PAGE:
“It’s the start of 2016, and Smith’s friend Pearlman—a producer and rock critic—has been hospitalized after a brain hemorrhage. As he lies in a coma, Smith recounts the tumultuous year that follows—the loss of friends (Sam Shepard is nearly bedridden), the horror of the imminent election and rise of nationalism, and the impending climate crisis. A reflection on mortality, the book retains Smith’s characteristically flat tone as she wanders through stretches of Arizona, California, Virginia, and Kentucky, stopping at diners for black coffee and onion omelets and conversations with strangers. She hitchhikes from San Francisco to San Diego and back, travels as far as Lisbon, and returns home to the quiet of her Rockaway bungalow to stare at the flowers. All the while, she describes the mundane details of life with incredible vividness…”

Camille Jacobson on
Year of the Monkey,
a new memoir from Patti Smith.

theparisreview.org/blog/2019/10/11/staff-picks-monsters-monkeys-and-maladies/

Ali-Smith-009

“I grew up on the margins, I inherited all the value of the margins. I know from all my reading and living that extraordinary things happen on the ­edges—the changes happen, the rituals happen, the magic, for want of a better word, happens on the edge of things. Everything is possible at the edge. It’s where the opposites meet, the different states and elements come together.”

— Ali Smith, qtd. in The Paris Review

“I grew up in a dangerous landscape. I think people are more affected than they know by landscapes and weather. Sacramento was a very extreme place. It was very flat, flatter than most people can imagine, and I still favor flat horizons. The weather in Sacramento was as extreme as the landscape. There were two rivers, and these rivers would flood in the winter and run dry in the summer. Winter was cold rain and tulle fog. Summer was 100 degrees, 105 degrees, 110 degrees. Those extremes affect the way you deal with the world. It so happens that if you’re a writer the extremes show up. They don’t if you sell insurance.”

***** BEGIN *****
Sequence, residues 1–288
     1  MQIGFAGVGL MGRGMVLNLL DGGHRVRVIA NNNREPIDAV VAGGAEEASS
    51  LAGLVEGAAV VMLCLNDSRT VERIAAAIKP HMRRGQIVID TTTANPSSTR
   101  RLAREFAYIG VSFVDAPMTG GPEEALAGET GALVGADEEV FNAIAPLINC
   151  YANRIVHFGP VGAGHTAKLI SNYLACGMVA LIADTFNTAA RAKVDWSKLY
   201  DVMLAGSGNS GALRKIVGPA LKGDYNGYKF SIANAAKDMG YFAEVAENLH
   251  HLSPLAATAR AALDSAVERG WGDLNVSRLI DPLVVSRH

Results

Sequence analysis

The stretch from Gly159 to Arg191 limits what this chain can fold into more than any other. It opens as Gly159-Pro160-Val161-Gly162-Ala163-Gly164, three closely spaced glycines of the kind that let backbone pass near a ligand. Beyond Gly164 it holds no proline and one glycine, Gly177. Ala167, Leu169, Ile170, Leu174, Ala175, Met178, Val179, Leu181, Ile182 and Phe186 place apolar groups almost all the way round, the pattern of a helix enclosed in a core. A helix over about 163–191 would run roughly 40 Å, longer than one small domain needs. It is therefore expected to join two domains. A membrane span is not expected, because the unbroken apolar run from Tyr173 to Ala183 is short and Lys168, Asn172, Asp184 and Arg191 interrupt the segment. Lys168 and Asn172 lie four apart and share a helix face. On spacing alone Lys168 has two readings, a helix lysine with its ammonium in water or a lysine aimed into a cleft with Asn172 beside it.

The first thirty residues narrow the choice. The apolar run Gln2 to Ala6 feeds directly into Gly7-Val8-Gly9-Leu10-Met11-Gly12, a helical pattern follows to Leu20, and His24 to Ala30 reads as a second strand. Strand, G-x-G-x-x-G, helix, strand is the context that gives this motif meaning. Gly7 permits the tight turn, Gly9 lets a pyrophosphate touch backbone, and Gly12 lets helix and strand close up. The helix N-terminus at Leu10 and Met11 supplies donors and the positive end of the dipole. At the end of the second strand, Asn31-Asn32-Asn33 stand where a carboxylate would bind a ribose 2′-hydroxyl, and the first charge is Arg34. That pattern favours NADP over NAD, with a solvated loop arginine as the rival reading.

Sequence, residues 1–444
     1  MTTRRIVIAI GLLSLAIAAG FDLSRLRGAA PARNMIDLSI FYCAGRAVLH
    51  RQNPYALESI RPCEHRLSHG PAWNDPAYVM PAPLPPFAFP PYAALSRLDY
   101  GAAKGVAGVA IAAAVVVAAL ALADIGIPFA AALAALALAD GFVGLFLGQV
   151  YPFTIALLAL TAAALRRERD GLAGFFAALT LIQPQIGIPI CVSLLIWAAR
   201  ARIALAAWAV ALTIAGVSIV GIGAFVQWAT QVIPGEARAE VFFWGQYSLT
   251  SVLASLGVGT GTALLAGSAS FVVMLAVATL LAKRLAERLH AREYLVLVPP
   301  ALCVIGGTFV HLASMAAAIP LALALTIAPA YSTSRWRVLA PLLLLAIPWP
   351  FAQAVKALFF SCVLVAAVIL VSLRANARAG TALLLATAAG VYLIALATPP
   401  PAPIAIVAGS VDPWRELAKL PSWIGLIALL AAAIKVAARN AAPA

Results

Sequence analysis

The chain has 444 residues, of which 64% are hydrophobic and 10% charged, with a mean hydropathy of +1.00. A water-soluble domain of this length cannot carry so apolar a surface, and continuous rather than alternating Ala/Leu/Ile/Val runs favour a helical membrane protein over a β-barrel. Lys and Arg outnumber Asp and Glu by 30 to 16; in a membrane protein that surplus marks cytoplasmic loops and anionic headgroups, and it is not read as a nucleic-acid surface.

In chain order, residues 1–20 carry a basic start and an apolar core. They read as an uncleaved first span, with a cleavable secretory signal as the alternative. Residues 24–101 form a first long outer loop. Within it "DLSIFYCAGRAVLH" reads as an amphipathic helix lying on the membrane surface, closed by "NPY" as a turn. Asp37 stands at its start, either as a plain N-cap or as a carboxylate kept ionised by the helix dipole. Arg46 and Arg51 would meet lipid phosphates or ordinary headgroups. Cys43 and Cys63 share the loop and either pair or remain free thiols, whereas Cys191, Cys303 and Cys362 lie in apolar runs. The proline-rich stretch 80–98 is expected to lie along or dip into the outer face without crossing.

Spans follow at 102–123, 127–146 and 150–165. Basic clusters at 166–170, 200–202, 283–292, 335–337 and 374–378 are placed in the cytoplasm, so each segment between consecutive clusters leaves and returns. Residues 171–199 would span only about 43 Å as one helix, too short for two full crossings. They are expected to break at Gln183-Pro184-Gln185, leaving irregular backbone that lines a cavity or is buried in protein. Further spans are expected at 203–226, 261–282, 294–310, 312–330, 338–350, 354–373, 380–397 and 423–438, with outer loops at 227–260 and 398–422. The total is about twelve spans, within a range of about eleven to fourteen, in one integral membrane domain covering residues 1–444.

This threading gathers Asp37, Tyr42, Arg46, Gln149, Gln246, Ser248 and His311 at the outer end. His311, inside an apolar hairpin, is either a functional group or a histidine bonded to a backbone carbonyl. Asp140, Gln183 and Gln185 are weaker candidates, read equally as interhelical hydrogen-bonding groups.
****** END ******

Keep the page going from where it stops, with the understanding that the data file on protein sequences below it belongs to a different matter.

Joan Didion, The Paris Review

The Paris Review makes the announcement, with information on each of the writers.

Two photographers take a look around the iconic literary journal
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Photograph: Paul Barbera

(more…)

‘The trivia is exceptional’: DeLillo on the Kennedy Assassination
Don DeLillo
Don DeLillo

Among the treasures online at The Paris Review is a 1993 interview with American novelist Don DeLillo. Adam Begley talks to the writer about everything from his work routine to world politics to his unique brand of dialogue. (more…)

Toni Morrison
Toni Morrison
In a 1993 interview with The Paris Review, Elissa Schappell talks to Toni Morrison (with additional material from Claudia Brodsky Lacour)

Interviewer: What do you appreciate most in Joyce?

Toni Morrison: It is amazing how certain kinds of irony and humor travel. Sometimes Joyce is hilarious. I read Finnegans Wake after graduate school and I had the great good fortune of reading it without any help. I don’t know if I read it right, but it was hilarious! I laughed constantly! I didn’t know what was going on for whole blocks but it didn’t matter because I wasn’t going to be graded on it. I think the reason why everyone still has so much fun with Shakespeare is because he didn’t have any literary critic. He was just doing it; and there were no reviews except for people throwing stuff on stage. He could just do it. [Read More]